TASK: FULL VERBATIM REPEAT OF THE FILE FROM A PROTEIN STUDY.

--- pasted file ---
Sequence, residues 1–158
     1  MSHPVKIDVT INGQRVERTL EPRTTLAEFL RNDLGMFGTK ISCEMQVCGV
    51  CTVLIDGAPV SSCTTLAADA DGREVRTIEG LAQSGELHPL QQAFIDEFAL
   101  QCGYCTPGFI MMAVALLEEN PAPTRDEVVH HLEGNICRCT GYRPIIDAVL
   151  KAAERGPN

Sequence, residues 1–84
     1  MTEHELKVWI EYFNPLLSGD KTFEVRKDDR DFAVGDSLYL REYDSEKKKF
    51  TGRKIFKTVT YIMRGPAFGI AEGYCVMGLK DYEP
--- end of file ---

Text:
Sequence, residues 1–158
     1  MSHPVKIDVT INGQRVERTL EPRTTLAEFL RNDLGMFGTK ISCEMQVCGV
    51  CTVLIDGAPV SSCTTLAADA DGREVRTIEG LAQSGELHPL QQAFIDEFAL
   101  QCGYCTPGFI MMAVALLEEN PAPTRDEVVH HLEGNICRCT GYRPIIDAVL
   151  KAAERGPN

Sequence, residues 1–84
     1  MTEHELKVWI EYFNPLLSGD KTFEVRKDDR DFAVGDSLYL REYDSEKKKF
    51  TGRKIFKTVT YIMRGPAFGI AEGYCVMGLK DYEP